Two versions of Detroit. One where buildings stand tall and proud, and one where they wilt under the sun. It’s an amazing juxtaposition.
This building looked like some sort of office.
Science Alert. When the sun strikes an object, that object absorbs some of the infared light in the form of heat. The heat absorbed by the old Soo dock absorbed and radiated that energy to melt off the snow from the ice around it, making it very reflective.
A white star marks the landing between the Keeper’s Quarters (Second Floor) and the radiobeacon and furnace rooms (First Floor).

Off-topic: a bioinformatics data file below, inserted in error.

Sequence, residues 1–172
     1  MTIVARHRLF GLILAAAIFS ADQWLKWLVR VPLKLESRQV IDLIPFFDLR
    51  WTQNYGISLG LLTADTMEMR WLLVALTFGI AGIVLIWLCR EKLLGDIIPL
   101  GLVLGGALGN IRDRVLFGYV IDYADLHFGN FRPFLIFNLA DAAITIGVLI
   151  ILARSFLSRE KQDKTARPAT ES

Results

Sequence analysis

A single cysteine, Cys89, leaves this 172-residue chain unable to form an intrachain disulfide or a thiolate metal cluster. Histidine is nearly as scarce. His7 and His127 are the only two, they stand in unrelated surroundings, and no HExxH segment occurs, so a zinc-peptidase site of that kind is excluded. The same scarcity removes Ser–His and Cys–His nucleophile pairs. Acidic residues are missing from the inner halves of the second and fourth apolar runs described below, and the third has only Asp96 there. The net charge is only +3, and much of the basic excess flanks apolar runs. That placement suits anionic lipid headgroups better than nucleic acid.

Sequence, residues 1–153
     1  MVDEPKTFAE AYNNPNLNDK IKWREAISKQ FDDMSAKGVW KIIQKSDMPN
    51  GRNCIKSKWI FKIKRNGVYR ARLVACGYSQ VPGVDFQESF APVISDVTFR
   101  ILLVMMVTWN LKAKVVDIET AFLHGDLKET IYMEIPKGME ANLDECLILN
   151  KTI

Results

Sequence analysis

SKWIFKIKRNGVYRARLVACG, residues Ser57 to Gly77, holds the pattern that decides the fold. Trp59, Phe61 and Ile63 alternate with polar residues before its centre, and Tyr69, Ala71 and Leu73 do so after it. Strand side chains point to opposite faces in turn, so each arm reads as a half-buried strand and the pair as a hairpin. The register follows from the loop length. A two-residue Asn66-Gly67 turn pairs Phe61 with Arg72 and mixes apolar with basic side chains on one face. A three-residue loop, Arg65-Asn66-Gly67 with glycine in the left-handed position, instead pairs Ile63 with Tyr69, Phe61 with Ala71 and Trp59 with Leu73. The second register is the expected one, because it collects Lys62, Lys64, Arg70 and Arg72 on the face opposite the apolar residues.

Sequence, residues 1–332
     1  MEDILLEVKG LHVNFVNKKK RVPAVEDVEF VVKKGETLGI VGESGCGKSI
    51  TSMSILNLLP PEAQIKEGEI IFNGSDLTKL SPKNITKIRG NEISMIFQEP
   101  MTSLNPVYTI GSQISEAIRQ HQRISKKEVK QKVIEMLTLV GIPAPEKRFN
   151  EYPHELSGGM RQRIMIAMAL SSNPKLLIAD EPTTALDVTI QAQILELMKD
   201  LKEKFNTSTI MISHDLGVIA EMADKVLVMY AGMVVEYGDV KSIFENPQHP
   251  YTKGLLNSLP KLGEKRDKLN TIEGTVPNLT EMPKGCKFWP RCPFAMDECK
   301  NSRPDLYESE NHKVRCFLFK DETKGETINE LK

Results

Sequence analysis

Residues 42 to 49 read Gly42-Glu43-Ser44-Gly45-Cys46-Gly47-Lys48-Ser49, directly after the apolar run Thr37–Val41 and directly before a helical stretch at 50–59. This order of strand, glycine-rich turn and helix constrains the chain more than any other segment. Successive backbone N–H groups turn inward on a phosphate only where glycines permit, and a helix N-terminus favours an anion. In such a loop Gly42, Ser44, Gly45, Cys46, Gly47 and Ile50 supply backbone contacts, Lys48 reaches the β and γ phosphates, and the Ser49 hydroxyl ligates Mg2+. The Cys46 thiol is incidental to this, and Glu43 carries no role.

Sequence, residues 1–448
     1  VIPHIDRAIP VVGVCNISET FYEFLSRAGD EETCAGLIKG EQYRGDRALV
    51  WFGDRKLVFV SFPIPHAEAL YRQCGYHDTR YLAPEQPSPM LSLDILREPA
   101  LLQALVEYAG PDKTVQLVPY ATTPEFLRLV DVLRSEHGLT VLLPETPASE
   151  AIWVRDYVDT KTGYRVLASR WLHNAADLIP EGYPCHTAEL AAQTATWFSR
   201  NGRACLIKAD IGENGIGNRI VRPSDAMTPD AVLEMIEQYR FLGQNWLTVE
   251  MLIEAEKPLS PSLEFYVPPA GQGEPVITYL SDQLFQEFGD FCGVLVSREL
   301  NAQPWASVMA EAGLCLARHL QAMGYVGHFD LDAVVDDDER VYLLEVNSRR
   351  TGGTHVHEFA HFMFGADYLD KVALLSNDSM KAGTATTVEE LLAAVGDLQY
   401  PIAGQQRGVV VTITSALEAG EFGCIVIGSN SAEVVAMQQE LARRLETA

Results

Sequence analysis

After crushing, these machines would float lighter material to the surface of the water, where it would be skimmed and discarded. Gold and silver laden stone would sink to the bottom, where it was collected for the next stage of processing. Leica/Summilux 35/Ektar 100
I found a face.
Water turned the taconite powder into a rusty, slippery paste… everywhere the water pooled up, doubling the beauty from certain special angles.
One of a few rolling workbenches to keep the thousands of pulleys, cogs, and belts working properly.
Below the factory floor is a network of hallways and tunnels, all flooded with water.